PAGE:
Barbara says:


    The following recipe calls for graham crackers for the crust but I have always used ginger snaps and I love the combination of the ginger flavor with pumpkin.

  8. 8
    satby says:

    @Wapiti: @TaMara (HFG): one year I made a gingersnap crust-pecan pie bottom-pumpkin pie top layered pie. It was sensational, but very rich. No recipe, I just mashed a couple together.

  9. 9
    sfinny says:

    Love the recipes, but my Christmas Eve invite is for Asparagus and Wine. Have been trying to think of venues for some cookie baking, but nothing so far.

  10. 10
    Yarrow says:

    Tomorrow is cookie baking day for me. It’s an all day project. I’m already exhausted because I’ve been cleaning the house for two straight weeks–sometimes until 2 a.m. Something like four years of crap piled up while my life fell apart so there has been a lot to do. It’s a lot better now but there’s still so much to deal with.

    Anyway, cookie baking will commence right after breakfast. It’s kind of fun as they’re family recipes and everyone looks forward to them every year.

  11. 11
    sfinny says:

    @satby: And the pumpkin tart with ginger snap crust was a huge success at Thanksgiving. Wanted to do it again, but this time got tasked with veggies and wine.

  12. 12
    Yarrow says:

    @sfinny: How are you cooking the asparagus to bring to a gathering?

  13. 13
    The Golux says:

    I always use oiled wax paper, but I’m wondering if oiled parchment would work better.

    Seems like a perfect application for a Silpat.

  14. 14
    NotMax says:

    Ol’ stick in the mud here, on a whim, changed the wallpaper on one of the monitors. So used to the previous one that have been doing visual double takes all day,

  15. 15
  16. 16
    stinger says:

    @dnfree: I’ve heard all those names, especially Russian Tea Cakes, but when I was a kid, my inventive mother made them smaller, stuck a toothpick through each one, and called them Sputniks. (It was the ’50s.)

  17. 17
    Tim in SF says:

    Instead of wax paper, try a silicon baking sheet. No fear of melting. You can just bend it after the brittle has cooled to pop it off. They’re pretty cheap, too.

  18. 18
    Mary G says:

    @dnfree: My grandfather the Swedish baker called them sand tarts and made them with pecans.

  19. 19
    opiejeanne says:

    @Mary G: I think those are pecan sandies.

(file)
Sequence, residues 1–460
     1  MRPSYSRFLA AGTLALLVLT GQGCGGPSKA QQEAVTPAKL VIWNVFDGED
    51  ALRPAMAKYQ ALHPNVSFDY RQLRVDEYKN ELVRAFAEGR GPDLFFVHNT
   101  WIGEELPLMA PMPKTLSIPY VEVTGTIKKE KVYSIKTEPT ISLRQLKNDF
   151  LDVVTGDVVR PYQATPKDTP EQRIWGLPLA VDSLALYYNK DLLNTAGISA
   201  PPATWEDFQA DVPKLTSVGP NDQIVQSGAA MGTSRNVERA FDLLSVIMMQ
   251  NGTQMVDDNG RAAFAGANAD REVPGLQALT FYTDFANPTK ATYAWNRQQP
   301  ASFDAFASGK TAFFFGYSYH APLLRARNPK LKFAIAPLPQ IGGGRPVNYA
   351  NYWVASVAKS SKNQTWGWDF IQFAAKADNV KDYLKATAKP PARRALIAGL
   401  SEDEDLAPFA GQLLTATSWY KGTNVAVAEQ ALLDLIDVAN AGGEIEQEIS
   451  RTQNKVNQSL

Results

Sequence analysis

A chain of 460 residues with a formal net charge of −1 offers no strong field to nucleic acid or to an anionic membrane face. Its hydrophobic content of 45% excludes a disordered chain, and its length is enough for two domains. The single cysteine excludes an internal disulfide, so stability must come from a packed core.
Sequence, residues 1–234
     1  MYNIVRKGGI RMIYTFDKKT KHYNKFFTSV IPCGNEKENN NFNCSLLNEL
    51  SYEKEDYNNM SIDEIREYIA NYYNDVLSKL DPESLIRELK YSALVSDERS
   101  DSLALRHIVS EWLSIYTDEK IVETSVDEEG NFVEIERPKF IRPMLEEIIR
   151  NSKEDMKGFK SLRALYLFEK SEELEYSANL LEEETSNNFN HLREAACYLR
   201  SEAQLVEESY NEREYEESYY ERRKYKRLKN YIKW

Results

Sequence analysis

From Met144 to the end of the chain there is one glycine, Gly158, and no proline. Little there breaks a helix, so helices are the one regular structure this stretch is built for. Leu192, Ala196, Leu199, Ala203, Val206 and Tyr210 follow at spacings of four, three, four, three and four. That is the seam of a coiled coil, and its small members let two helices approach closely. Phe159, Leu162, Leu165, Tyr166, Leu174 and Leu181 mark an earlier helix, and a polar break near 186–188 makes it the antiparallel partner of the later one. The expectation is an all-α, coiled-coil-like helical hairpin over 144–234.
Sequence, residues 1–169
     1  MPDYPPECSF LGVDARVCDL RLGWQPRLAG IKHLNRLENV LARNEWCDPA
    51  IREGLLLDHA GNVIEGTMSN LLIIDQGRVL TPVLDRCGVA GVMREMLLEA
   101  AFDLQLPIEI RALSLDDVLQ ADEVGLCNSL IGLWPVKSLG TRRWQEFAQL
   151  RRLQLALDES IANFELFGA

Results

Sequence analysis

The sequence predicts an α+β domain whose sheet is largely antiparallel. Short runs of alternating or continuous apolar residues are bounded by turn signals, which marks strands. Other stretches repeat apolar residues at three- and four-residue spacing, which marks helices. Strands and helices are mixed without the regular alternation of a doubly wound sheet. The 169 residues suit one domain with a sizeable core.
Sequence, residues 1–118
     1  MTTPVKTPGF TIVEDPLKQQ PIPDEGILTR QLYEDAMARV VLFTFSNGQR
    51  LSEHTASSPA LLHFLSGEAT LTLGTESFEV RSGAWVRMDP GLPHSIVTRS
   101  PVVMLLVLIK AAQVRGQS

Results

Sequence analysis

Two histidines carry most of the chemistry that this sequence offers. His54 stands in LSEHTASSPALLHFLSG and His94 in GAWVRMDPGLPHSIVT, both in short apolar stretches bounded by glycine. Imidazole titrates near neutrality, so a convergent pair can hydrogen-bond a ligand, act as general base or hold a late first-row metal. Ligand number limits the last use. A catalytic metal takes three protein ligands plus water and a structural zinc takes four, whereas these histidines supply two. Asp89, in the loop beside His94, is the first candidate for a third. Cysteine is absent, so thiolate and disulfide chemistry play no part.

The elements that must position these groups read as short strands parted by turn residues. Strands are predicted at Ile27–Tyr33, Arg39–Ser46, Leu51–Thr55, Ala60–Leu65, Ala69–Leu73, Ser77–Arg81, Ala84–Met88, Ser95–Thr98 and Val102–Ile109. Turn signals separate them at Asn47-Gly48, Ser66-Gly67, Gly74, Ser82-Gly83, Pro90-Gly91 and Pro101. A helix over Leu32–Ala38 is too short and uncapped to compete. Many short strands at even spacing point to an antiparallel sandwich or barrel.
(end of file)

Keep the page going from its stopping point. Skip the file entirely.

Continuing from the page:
Russian teacakes are little balls of chopped nuts, butter, and powdered sugar; after they’re baked and have started to “sweat” butter you roll them in more powdered sugar.

    I use pecans because I prefer them and I will continue to call them Russian teacakes so as not to confuse any of my family. I’m pretty sure pecans are native to the New World, which is why the Old World used walnuts.

  20. 20
    opiejeanne says:

    Tomorrow is the day to tidy up the house after our son goes home and get the bedrooms ready for Christmas Eve guests.

    I’m making the mashed potatoes for Christmas Eve tomorrow, as well as the dessert my grandma always made. We think it’s a Bavarois; she called it Delicious Pudding, and my dad thought it came from a Knox gelatine package. Fluffy and pink and sweet, but not everyone likes it. It’s kind of a pain to make because it feels like you use every bowl and pot in the house before it’s done, and while it’s cooling after cooking you have to catch it at the right moment and beat it to prevent separation.
    I’m also making an almond tart tomorrow, which is pretty much a slam dunk but looks impressive.
    My older daughter’s fiancé brought over the standing rib roast tonight and gave me instructions on what he wants us to do with it, 150 for several hours; he’ll take it out for a rest, then crank the oven to 500 to finish it with a crust. Other people are doing vegetable-y things, I’ll make a pear and walnut salad and Yorkshire pudding and heat up the mashed potatoes.

    We have some new neighbors from Israel and they brought over cookies today, so I may make them some Russian teacakes because I like them and I think those will be popular.

  21. 21

    I love those pecan cookies!

  22. 22
    Kristine says:

    I need to make that brittle.

    I also plan to make my first ever batch of gelato with the new ice cream maker either today or tomorrow. Espresso flavor.

  23. 23
    Another Scott says:

    @opiejeanne: My father loved Pecan Sandies and we’re the only cookies he would make. I never understood why he liked them so much – they were always so dry and powdery. :-\

    My mom found a recipe for Cowboy Cookies in a newspaper in the 1950s. They’re my favorite. I’ve been making them for 30+ years and have almost figured out all the important tricks. In another 10-15 years they should be perfected!